Secondary District Teachers On Special Assignments (TOSAs) facilitated release day for middle school English teachers. Six 6th grade teachers, representing each of the three middle schools, came together to create a Common Writing Assessment (CWA). The group decided on a genre, constructed a prompt, chose source materials, and designed a common rubric. The 6th grade CWA will be administered at each of the sites in January of next year. Similar release days have either already taken place, or are planned, for 7th and 8th grade English teachers.

GUNN HIGH SCHOOL CHOIR SUMMER TOUR IN ITALY

Gunn High School Choir is planning a 10-day international service learning field trip in Italy this June! Students will have an opportunity to expand their educational foundation through this experience, touring and performing in various locations. The itinerary includes stops in Rome, Siena, Montecatini, Florence, Lucca, Pontedera, Assisi, and Vatican City.

The contracted tour company, KI Concerts, provides core travel insurance benefits addressing possible, but remote issues, such as trip interruption, accident and sickness medical needs, emergency evacuation and repatriation, and worldwide emergency assistance services. To ensure utmost safety, the group will travel on private tour buses with two professional Italian-speaking tour escorts.

Upon request, KI Concert’s president, Oliver Scofield, kindly addressed questions regarding the June 2 Italian national holiday, Republic Day, also known as Festa della Repubblica, or Festival of the Republic. Scofield’s letter to Bill Liberatore, Gunn Choir Director, included the following assurances:

Republic Day in Italy celebrates the formation of the nation in 1946 and would be seen by the people as a day of laying wreaths, celebrating what brings Italians together, and pomp and ceremony. While always aware of potential risks and disruptions to the well-being and safety of our travelers, this does not appear on our radar, nor on that of the State Department, from which we take the lead on threat assessments.

Additionally, students will not be near Rome on June 2, but in Siena, which is about 250 kilometers north of Rome. Siena is a small town, popular with tourists, but not a major population center.

I believe the Gunn High School community has every reason to be confident that KI Concerts works hand in glove with the staff of the school to put the welfare of the students way above any other factor. Our experienced staff are with the group 24/7, and they are alert to any local news and issues that might arise. We appreciate the concern and the opportunity to respond.

Sincerely, Oliver Scofield 
President, KI Concerts

Strategic Initiatives and Operations

VISUALLY IMPAIRED PROGRAM

Perfect low tide ~ perfect waves ~ perfect day! That was the heading for Ride A Wave’s mantra for the day, and truer words could not have been said. On May 11, students from the Palo Alto Unified Visually Impaired Program and some of their classmates went to Cowell Beach to participate in Ride A Wave’s surf day. After putting on their wetsuits, the students had the opportunity to try their hand at kayaking, boogie boarding, and surfing. By midday, all of the students had tried everything there was to offer and there were lots of excited, happy, surfers who sat down and had lunch with each other, their surf buddies, and the families. The day wrapped up with an award ceremony and a group photo. A big shout-out to Ride a Wave and all the volunteers. Their mission is to “give children with special needs the chance to feel the thrill of riding a wave and experience a safe, fun-filled day at the beach.” I can speak for the students and their family’s as they wholeheartedly agreed that this mission was reached and surpassed.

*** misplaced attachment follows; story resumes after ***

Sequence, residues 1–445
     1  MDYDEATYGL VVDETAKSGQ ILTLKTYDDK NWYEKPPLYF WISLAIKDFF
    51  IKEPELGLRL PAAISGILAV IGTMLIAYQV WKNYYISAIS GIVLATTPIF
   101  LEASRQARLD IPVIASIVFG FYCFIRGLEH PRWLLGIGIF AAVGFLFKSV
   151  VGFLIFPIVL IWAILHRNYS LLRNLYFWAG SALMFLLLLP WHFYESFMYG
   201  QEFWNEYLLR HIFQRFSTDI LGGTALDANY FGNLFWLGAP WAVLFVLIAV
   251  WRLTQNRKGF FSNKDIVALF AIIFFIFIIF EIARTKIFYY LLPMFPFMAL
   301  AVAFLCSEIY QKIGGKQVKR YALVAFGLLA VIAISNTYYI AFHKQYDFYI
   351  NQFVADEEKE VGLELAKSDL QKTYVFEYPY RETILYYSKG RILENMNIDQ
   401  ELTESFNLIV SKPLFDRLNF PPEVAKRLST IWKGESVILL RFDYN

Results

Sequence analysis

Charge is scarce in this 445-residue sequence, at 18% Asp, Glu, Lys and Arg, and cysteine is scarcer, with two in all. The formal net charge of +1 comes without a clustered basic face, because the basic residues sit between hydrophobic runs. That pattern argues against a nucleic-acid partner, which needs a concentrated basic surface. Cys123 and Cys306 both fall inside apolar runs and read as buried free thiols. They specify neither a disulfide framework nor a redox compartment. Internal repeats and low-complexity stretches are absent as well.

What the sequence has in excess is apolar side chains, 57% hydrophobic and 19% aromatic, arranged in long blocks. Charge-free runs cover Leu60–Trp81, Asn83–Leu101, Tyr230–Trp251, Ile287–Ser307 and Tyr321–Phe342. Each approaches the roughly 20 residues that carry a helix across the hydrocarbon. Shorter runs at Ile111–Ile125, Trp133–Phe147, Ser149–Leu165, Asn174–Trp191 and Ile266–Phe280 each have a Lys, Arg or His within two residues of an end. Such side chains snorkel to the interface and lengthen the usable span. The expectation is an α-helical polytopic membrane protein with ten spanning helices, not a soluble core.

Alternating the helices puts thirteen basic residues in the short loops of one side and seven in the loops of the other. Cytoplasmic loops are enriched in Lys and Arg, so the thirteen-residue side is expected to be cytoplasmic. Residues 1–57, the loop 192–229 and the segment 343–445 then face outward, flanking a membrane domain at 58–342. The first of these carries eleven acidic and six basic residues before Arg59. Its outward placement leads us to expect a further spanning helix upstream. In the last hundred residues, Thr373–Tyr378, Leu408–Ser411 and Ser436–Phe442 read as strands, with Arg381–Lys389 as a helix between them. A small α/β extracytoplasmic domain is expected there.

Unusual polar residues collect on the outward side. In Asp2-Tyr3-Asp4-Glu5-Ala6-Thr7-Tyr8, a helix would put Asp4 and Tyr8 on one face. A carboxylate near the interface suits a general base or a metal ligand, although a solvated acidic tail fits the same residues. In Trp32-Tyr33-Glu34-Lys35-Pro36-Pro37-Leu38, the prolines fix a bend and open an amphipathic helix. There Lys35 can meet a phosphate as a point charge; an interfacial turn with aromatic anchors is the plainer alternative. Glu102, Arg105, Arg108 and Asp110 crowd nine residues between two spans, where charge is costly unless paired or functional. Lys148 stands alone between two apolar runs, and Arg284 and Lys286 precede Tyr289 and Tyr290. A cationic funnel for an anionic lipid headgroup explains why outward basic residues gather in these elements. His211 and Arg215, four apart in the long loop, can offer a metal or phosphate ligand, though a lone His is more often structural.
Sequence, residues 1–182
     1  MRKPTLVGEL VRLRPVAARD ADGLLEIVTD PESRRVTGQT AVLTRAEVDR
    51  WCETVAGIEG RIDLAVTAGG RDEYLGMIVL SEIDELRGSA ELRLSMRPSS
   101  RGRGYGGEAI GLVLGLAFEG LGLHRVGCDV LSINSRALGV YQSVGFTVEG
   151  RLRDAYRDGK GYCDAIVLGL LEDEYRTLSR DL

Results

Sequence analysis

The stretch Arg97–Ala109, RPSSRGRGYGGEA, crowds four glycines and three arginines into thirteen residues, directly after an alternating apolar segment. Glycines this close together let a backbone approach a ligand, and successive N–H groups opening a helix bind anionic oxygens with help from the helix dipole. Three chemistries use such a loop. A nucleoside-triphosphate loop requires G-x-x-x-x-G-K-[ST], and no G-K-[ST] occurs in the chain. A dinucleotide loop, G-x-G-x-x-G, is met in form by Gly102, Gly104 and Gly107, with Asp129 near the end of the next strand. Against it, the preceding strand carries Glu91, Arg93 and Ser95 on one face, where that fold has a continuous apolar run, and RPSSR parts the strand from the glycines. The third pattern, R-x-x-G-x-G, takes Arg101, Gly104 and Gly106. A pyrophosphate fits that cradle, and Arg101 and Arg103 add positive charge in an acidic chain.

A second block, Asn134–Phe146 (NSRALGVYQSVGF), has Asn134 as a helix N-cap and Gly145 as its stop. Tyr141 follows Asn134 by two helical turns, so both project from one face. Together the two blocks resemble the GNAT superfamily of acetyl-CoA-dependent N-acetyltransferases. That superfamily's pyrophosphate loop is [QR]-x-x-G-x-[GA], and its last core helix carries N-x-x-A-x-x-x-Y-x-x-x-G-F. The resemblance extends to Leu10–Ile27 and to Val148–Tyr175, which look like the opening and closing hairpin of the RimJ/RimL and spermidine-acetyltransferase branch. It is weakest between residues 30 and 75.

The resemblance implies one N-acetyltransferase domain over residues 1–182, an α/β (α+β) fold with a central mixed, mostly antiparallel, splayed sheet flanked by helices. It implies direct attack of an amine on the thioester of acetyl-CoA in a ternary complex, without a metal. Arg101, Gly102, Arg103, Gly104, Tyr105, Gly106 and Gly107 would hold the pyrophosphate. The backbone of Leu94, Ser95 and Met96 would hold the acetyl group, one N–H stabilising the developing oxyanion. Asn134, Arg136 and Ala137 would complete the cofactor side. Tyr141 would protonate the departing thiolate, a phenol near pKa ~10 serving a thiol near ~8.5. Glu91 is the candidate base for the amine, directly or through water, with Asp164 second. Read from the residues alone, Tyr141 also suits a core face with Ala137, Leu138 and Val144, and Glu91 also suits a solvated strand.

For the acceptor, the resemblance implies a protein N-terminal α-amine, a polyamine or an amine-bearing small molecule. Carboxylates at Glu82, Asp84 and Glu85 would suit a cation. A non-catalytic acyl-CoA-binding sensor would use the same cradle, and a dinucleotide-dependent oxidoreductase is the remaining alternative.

Business Services

TAX AND REVENUE ANTICIPATION NOTES

As a “Community Funded” district, PAUSD receives the majority of its funding from property taxes, primarily between November and April. As a result, the District’s cash balance has historically been very low in September, October, and November. In order to ensure there are sufficient cash balances through November, we are considering issuing Tax and Revenue Anticipation Notes (TRANS) for the 2019-20 fiscal year. In the past, the cost of borrowing discouraged the issuance of TRANS; however, recent interest trends have made borrowing favorable. In addition to assisting with our cash flow in the first half our fiscal year, we estimate a “net interest earnings benefit” of about $180,000.

PAUSD Cash Flow Chart

Technology Department

CARNET VISITS PALO ALTO

Leaders of CARNET, the national research and education network of Croatia, visited Palo Alto this week for a discussion about technology in education. CARNET supports educational technology and the associated networks for over 1,200 schools in Croatia. Topics discussed included our use of Schoology, WiFi, digital citizenship, pedagogy, and experiences with how technology has influenced education. It was a great conversation and a reminder that some of the same EdTech challenges exist regardless of geographic location.

PARENT ID PORTAL AND ANNUAL DATA UPDATE

The unified single sign-on portal (id.pausd.org) for parents has been up and running for two weeks now. Approximately 11% of parents have claimed their accounts and setup the single sign-on to Infinite Campus. We encourage all parents to claim their account.  This portal launch is a big first step in our ability to provide a coherent, consistent, secure platform where we can unite all resources for parents. More information, including how to claim the account, can be found on our website.